What to Do About Your Tween's Messy Room

Is your tween's bedroom driving you crazy? Here's what to do

Don't let your tween's messy bedroom get the best of you. iStockphoto.com

It's a problem that nearly every parent faces during their child's tweenage or teenage years -- the messy bedroom. Even children who once kept spit spot bedrooms often let them go during the tween years. It doesn't take long for your child's clean and organized room to turn into a disaster zone if he decides he doesn't want to pick up anymore. The issue is, what do you, as the parent, do about it?

Experts come down on both sides of the issue. Some say set the standard and make your children meet it, others say the bedroom isn't a battle worth fighting. If you're confused about whether or not your tween should be picking up his room, the tips and strategies below might help you decide what do. 

Your Tween's Messy Room - Tips and Strategies

Lower Your Expectations: You might find that if you slightly lower your expectations you can live with your child's messy room and avoid confrontation. If your tween is sloppy, but otherwise clean, then consider letting the room slide, and intervene only when the room becomes a real disaster. You may even find that your child decides on his own that he's had enough, and will pick up the mess before you ever have to get involved. 

Let Consequences Teach Your Tween: There are consequences to a messy bedroom, and it's best for your tween to discover them on her own.

If your tween doesn't pick up and organize her things, she may find that she can't locate items when she needs them, or that the shirt she planned on wearing to school today is dirty or stained. Let your child figure out that a messy room can present challenges and problems, and gently remind her that organizing her things is the best way to keep up with them.

There are other consequences to a messy room that your child may also discover. If your tween isn't taking care of her things, she'll discover that you're not willing to replace them, and throw away your hard earned money on things she won't care for. Let your tween replace items that she's ruined with her own money, and she may learn to take better care of her things.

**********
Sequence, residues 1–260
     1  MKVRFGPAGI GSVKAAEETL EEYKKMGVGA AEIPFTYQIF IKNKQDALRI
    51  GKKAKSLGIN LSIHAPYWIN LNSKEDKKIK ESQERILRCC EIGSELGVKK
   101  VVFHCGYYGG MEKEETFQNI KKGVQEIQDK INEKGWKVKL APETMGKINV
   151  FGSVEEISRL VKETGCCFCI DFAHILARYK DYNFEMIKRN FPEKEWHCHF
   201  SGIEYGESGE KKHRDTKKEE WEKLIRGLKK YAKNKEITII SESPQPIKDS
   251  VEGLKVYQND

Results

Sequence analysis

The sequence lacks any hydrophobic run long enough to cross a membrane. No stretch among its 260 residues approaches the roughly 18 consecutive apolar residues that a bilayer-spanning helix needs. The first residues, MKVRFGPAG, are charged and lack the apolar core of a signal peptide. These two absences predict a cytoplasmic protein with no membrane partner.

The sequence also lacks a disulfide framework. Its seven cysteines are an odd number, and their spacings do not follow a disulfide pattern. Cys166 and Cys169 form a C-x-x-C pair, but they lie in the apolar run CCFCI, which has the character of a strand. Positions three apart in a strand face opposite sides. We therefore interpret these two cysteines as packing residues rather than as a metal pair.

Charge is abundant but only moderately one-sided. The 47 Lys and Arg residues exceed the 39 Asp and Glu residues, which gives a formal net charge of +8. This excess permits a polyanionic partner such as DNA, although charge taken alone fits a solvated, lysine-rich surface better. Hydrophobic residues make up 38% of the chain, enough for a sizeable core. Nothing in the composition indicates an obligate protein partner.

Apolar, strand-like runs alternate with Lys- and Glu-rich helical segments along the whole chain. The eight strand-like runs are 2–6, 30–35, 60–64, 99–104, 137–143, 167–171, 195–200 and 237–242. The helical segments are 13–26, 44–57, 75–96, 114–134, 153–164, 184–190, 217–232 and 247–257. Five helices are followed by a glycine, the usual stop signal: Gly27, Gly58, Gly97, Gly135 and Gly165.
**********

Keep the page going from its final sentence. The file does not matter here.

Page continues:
Give Your Tween a Realistic Deadline: Your tween may be willing to pick up her room, she just might want to do it in her own time. Give your child a deadline when you ask her to clean her room. You could say, "Clean your room by the end of the week" or "Make sure your room is clean before we go on vacation." See if your child manages to motivate herself to do the job. You could also offer an incentive to get her going. "When you're finished cleaning your room, we'll go out for an ice cream cone."

Step In When Necessary: If your child's room has become a total disaster, you may need to step in and take control. If the room begins to smell bad, or if her mess is spilling out to other rooms in the house, it may be necessary to enforce a few rules.

Your child should know that as a member of a family she has certain responsibilities and should be considerate of other family members. This is especially true if your child shares a bedroom with a sibling or another family member. 

Continue Reading